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Screen_Shot_2014-12-02_at_8.01.03_PMThe Belize Sugar Cane Farmers Association and BSI representatives are scheduled to meet tomorrow as all stakeholders in the sugar industry wait anxiously for the impasse to be lifted. Whether BSI is going back to the negotiating table is not clear, but they have committed to meet tomorrow at the BSI Staff club at nine thirty with the negotiating committee, branch directors and the BSCFA’s Committee of Management.


This follows a string of meetings that begun over a year ago and have not given much results. The fact is that stakeholders in the industry find themselves in pretty much the same situation as one year ago when the negotiations hit a deadlock. In a very similar fashion, the Prime Minister and even the Deputy Prime Minister have come back into the picture to help mediate the situation into a positive resolution.


The BSCFA is hoping to restart negotiations on five points of interest to farmers. These include cane ownership, payment for bagasse, who coordinates and manages the harvesting of the cane, how to settle disputes according to the sugar industry act and the term for the agreement. By now, viewers are fully aware of BSI’s position on these matters which is that they won’t bend on any.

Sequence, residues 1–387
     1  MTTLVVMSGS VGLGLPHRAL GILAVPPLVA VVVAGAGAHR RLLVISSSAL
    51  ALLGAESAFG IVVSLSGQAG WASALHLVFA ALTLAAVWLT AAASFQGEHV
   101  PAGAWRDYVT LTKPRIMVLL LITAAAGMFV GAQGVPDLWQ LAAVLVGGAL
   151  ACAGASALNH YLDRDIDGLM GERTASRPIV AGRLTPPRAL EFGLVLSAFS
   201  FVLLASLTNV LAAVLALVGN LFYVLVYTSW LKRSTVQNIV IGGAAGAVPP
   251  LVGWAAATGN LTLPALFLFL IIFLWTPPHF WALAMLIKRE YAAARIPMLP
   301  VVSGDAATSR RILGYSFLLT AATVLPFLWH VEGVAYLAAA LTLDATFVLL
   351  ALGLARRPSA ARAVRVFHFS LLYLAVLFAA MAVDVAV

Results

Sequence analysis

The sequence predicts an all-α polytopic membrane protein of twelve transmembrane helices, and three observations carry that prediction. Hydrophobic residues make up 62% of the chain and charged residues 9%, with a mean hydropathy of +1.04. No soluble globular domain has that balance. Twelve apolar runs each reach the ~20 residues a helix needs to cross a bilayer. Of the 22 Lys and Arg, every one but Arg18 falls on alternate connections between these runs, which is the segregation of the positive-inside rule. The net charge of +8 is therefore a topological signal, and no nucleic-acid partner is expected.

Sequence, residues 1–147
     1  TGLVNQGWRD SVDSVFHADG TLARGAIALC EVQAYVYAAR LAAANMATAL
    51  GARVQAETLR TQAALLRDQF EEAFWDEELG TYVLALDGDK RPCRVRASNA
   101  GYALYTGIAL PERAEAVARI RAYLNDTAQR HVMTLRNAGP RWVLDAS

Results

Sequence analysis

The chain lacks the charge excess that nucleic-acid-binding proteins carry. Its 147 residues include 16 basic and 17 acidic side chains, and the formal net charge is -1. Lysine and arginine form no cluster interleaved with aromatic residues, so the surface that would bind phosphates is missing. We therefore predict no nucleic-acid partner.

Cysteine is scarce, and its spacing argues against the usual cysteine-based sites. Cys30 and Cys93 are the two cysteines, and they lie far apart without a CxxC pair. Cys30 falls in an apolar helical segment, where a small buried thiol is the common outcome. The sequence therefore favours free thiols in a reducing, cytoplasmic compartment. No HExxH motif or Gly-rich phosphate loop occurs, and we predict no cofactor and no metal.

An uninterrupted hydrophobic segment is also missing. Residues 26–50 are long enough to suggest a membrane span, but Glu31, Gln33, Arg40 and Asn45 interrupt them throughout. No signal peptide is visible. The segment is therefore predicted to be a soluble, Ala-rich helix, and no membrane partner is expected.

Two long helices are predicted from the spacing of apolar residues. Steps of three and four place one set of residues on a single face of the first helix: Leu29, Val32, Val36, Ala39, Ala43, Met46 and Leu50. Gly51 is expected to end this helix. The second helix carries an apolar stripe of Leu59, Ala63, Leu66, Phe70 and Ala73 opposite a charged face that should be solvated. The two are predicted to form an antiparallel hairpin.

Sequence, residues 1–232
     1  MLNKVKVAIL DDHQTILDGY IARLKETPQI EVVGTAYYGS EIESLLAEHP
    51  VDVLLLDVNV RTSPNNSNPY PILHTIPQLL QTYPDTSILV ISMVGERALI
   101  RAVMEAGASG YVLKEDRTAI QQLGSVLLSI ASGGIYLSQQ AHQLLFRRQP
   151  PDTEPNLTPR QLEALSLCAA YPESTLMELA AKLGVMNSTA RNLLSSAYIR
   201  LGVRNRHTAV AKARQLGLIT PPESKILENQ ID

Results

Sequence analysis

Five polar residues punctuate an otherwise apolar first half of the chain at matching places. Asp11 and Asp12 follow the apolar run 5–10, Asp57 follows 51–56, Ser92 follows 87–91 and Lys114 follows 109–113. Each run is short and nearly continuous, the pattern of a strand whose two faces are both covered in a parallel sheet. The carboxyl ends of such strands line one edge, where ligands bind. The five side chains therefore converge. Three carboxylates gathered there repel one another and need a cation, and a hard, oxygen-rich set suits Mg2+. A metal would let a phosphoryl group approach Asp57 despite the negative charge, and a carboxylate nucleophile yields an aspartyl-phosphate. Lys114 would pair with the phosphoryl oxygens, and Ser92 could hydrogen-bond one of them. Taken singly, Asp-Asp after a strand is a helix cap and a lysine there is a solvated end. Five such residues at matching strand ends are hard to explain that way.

In early November the company bypassed the Association and introduced a new contract to farmers in the hope of getting farmers to sign on and start a crop without continuing negotiations with the BSCFA. It is yet to be known if cane farmers are willing to sign on to the proposed contract as BSI/ASR is yet to reveal if they will amended the contract based on comments and queries received. The deadline for submissions was November 28th. Of note is that the BSCFA has described the proposed contract as the worst in the history of the sugar industry. Tomorrow’s meeting between both parties may or may not shift the current impasse.


What is of importance to both though is the early start of crop. Today, BSI issued a rather short release stating that it has completed its annual repairs and is now ready to commence milling once a date is agreed upon by all parties. December 8th had been identified as the ideal start for the crop but whether that will happen is still uncertain.

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